Before I get to the tasting notes and recommendation, I'd like to thank Barrell for providing me a sample in exchange for a no-strings-attached, honest review. With that, it is time to investigate this whiskey.


Appearance:  In my Glencairn glass, Seagrass was bright bronze in color. It made a thin rim and perhaps the thickest legs I've seen. They were heavy and crashed back into the pool.


Nose:  Here's where things got really different - dried apricot and plum were sweet notes, then brine offered a barrier of sorts, separating out the grass and mustiness on the other end of the spectrum. When I inhaled through my lips, coconut and apricot rolled across my tongue.


Palate:  The mouthfeel was full-bodied and weighty. The front of my palate found candied apricot, peach, pear, and pineapple. Rich, strong pineapple. The middle consisted of chocolate, almond, and caramel. On the back, there was a mixture of cinnamon, molasses, candied ginger, and the bitterness of walnut.


Finish:  Long and warming, the finish had plenty of wood tannin, salted chocolate, molasses, ginger, rye spice, apricot, and pineapple. Again, these are things that are difficult to imagine intermingling with one another. I did find my hard palate zinged quickly, but the sweetness mellowed out any burn the proof may have otherwise presented.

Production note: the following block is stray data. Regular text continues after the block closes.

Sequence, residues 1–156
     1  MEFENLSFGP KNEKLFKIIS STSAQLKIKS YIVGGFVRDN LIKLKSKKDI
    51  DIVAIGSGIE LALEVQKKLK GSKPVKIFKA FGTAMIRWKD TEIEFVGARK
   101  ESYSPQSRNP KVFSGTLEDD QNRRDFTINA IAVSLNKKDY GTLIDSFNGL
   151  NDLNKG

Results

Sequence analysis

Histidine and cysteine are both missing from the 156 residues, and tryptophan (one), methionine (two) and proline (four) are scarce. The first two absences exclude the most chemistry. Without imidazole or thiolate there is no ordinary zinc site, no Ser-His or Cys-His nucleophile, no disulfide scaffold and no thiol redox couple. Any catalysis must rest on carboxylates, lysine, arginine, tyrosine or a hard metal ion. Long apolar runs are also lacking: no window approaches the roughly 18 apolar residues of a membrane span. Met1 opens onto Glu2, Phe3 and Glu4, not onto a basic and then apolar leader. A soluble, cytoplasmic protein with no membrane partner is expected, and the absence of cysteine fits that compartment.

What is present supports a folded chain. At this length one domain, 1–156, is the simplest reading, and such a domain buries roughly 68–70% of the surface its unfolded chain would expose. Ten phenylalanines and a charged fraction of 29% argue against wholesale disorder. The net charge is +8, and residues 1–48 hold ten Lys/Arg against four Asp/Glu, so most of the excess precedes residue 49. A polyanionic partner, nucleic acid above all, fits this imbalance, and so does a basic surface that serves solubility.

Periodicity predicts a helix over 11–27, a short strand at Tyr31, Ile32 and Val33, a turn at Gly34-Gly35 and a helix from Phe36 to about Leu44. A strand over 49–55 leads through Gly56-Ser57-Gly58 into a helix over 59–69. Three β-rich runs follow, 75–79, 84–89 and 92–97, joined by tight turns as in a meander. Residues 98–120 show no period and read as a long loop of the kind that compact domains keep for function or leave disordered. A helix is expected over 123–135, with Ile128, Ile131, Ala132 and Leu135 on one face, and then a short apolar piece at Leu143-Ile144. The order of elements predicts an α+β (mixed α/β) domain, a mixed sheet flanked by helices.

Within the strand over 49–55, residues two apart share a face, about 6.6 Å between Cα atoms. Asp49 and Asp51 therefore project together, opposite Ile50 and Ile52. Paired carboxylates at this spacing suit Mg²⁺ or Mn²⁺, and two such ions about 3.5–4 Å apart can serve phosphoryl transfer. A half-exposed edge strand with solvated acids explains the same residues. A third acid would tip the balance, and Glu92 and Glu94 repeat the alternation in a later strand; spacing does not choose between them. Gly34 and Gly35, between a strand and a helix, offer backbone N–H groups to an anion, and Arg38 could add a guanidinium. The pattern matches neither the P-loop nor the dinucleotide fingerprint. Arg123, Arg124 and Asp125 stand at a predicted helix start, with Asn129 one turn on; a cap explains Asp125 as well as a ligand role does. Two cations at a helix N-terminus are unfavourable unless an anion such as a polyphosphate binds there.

Bottle, Bar, or Bust:  As I said at the beginning, this is probably the most unusual whiskey I've tried. It was sweet. It was spicy. It was earthy. The challenge became both exciting and a little frustrating. But, as I experienced the frustration, I caught myself smiling because the mystifying quality just worked for whatever reason.  


If you're adventurous and want to really #DrinkCurious, I'm here to tell you this is going to stimulate the heck out of you. Of course, I'm in that camp, which means Seagrass grabs my coveted Bottle rating. Cheers!


My Simple, Easy to Understand Rating System
  • Bottle = Buy It
  • Bar = Try It
  • Bust = Leave It



Tuesday, December 1, 2020

Select Club Pecan Praline Ultra-Premium Whisky Review & Tasting Notes


Flavored whiskeys... I've been trying to have a more open mind regarding them, particularly since I've tasted some shockingly good ones. But, if I'm going to be intellectually honest with myself, I don't go in with much expectation. That allows me to be less disappointed when they taste phony and, to me, is a ploy to sell bad whiskey by drowning it in flavor. But, it also allows me to be happy when I'm wrong.


When a local distributor asked me to try Select Club Pecan Praline Ultra Premium Whisky, I was more open-minded than usual. The first pecan flavored whiskey I tried was William Wolf Pecan Bourbon and I found it enjoyable. When I saw Select Club was Candian Whisky mixed with neutral grain spirits, that open door creaked shut just a little bit. For the record, neutral grain spirits are akin to vodka, but can basically be anything that is pure grain alcohol distilled to a very high level of ethanol.